After the teaser that came in recent days with the video Men shot by Tyrone Lebon, Daniel Lee recently presented the Resort 2021 collection of Bottega Veneta.
The British designer, who has been at the helm of the brand for two years, continues the study on silhouette and materials that began with the brand’s FW20 show last February. The main elements of the winter collection research on fabrics and silhouettes, technical virtuosity in the composition of knitwear and leather items) are present in the pre-collection presented recently but the step forward that has been taken is the way in which, now, the clothes have become a reflection of the current historical moment. After the lockdown and the Covid-19, Lee’s designs become soft and enveloping, focus on the familiarity of knitwear and return to play on fit and colors.
A more relaxed and comfortable fashion is the one that emerges from the quarantine, which carries with it a certain carefreeness and playfulness – antidotes to the gloom of the times – but without giving up formal sophistication. However, the theatricality of the silhouettes that, from slender and sensual, become soft and welcoming, remains unchanged. The loungewear aesthetic is manifested in the game between high-waisted trousers with a wide fit as that of a tunic and top, both male for women, slightly cropped to the waist. Less radical is the feminine silhouette, which compensates in roundness and softness what it loses in vapority and amplitude: the most important item of the collection in this sense is the knitwear lilac suit that opens the lookbook along with the various faux-fur coats. Another element in which the playfulness of this collection is manifested are the shoes that, in addition to the already known designs, become round and shiny, but much less futuristic than the footwear that appeared in the FW20 collection.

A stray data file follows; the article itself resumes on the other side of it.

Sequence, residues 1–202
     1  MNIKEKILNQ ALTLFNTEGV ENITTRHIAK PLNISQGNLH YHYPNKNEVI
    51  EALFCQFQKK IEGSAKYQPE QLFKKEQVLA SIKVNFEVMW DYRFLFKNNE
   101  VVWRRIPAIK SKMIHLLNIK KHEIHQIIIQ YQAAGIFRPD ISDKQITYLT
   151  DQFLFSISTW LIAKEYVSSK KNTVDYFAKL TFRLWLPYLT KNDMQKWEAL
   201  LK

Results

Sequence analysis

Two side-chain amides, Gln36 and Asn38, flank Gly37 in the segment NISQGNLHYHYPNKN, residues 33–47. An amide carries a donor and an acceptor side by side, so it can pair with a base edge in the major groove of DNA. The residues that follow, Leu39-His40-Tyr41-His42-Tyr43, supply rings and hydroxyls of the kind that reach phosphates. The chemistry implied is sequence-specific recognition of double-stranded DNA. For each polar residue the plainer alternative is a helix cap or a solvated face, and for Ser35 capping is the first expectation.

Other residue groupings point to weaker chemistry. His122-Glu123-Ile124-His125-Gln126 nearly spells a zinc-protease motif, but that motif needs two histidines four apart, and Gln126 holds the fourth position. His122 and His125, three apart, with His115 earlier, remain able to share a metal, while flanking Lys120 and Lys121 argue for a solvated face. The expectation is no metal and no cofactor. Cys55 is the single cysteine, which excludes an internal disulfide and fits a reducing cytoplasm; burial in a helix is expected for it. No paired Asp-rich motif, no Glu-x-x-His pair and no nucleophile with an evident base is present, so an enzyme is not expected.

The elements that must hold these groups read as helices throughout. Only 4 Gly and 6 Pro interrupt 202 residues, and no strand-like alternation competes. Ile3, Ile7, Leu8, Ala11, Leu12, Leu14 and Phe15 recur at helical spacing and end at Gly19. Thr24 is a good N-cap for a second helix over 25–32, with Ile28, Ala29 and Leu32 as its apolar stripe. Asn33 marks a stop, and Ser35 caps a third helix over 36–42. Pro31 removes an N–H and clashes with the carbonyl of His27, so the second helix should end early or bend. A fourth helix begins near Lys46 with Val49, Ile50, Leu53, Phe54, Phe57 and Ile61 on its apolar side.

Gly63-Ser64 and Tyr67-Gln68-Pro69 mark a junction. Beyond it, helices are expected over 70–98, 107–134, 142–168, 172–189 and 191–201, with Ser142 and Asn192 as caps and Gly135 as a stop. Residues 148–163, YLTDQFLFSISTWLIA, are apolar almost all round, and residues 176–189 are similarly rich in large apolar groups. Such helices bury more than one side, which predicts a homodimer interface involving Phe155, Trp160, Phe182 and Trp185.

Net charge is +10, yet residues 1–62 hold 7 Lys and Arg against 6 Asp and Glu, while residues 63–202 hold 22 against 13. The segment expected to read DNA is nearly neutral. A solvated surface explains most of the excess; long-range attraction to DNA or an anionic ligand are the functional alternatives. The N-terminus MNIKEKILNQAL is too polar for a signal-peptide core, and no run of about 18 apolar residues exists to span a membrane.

Of all the collections so far designed by Lee, this is the one that re-reads more lightly the identity of Bottega Veneta – identity that is manifested through the multiplication of the V-shapes that dot the entire collection in the form of sartorial details: lapels of jackets, pockets, inlapping in sweaters and, above all, in a new leather bag where the V of “Veneta” becomes a half-plate. It is a personal response to the concept of logomania, still important for huge brands such as Dior for example, which wants to transform the logo, understood as an element foreign to the structure of the garment, into signature maintaining its recognisability and, above all, cultivating a radical originality.
“It’s about making clothes you can’t find in other stores. Otherwise what’s the point?” – Daniel Lee